The Wallace Collection

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Psyche
  • Jean-Baptiste Greuze (1725 - 1805)
  • Psyche
  • France
  • c. 1786
  • Painting
  • Oil on mahogany panel
  • Image size: 41 x 32 cm
  • P440
  • Boudoir
Commentary
History
Further Reading
  • Like many painters, Greuze had produced studies of individual heads as drawings and in oil from early in his career. Some of them were nature studies, others specifically prepared figures in his larger narrative paintings. From the late 1770s, these 'expressive heads' developed into a separate genre, often erotically charged, and into a main field of his activities. Greuze's heads exist in large numbers, and he developed them more systematically after he had fallen out with the Academy. Many of them were executed by studio members, and there are general questions of attribution concerning the group.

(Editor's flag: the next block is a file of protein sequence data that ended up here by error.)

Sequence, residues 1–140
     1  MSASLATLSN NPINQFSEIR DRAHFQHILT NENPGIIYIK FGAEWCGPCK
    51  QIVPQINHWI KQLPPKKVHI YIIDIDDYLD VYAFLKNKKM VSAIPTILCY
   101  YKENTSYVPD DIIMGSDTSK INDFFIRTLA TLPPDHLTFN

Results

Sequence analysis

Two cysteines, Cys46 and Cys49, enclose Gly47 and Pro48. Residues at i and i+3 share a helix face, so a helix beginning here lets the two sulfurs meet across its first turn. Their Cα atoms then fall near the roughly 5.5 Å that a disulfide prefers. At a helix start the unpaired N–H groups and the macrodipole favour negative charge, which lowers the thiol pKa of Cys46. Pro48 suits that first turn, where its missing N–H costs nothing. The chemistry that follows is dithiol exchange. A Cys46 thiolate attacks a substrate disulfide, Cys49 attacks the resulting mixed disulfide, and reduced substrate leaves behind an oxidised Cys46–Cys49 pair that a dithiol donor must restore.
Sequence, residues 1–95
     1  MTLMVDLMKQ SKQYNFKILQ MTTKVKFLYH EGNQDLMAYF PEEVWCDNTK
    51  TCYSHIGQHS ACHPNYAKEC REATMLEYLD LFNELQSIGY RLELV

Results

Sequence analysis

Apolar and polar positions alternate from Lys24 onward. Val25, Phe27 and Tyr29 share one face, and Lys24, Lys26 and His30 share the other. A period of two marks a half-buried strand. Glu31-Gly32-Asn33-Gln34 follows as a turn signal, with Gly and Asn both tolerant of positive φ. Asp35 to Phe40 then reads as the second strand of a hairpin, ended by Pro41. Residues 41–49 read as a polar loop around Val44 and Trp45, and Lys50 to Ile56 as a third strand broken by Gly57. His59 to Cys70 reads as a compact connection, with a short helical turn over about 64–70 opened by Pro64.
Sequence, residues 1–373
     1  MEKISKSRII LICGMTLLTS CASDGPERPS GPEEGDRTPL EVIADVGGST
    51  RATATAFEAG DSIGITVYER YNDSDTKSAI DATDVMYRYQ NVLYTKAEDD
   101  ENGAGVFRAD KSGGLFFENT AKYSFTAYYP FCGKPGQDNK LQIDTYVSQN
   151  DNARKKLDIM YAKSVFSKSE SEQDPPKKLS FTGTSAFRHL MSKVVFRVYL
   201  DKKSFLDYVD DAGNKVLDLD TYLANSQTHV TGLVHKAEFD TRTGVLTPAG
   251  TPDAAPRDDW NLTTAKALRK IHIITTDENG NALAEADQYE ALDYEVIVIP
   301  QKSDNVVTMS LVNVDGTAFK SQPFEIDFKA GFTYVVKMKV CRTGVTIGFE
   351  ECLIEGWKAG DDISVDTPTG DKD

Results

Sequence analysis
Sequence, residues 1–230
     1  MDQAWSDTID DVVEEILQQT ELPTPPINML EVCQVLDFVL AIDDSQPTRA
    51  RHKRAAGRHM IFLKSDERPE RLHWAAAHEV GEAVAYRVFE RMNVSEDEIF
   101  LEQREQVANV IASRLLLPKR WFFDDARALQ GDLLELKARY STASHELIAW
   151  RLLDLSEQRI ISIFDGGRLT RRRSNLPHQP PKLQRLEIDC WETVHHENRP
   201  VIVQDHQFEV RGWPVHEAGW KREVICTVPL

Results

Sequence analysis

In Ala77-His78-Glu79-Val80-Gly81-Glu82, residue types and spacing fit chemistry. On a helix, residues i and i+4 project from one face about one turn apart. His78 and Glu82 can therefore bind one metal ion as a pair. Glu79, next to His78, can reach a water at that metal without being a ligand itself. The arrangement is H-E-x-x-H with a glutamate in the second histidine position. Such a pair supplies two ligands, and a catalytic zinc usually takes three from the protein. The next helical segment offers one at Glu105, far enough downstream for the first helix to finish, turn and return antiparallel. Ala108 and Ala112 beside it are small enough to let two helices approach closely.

Greuze expressed his periods interest in strong emotions and sentiments. Expressive heads had a long tradition in France, starting from the teachings of Charles Lebrun who, in 1668, had proposed to codify the expression of specific passions in an Academy lecture. His teachings were published in 1698. Many of Greuze's heads directly refer to Lebrun's models, others develop expressions independently. This painting follows Lebrun's 'Amour simple'.
    This painting links a head study with a mythological subject. For artists in the eighteenth century the story of Cupid and Psyche symbolised the union of physical love (Cupid) with the soul (Psyche). Here Psyche is shown in sorrow at Cupid's desertion. A second version, dated 1786, is also in the Wallace Collection (P388).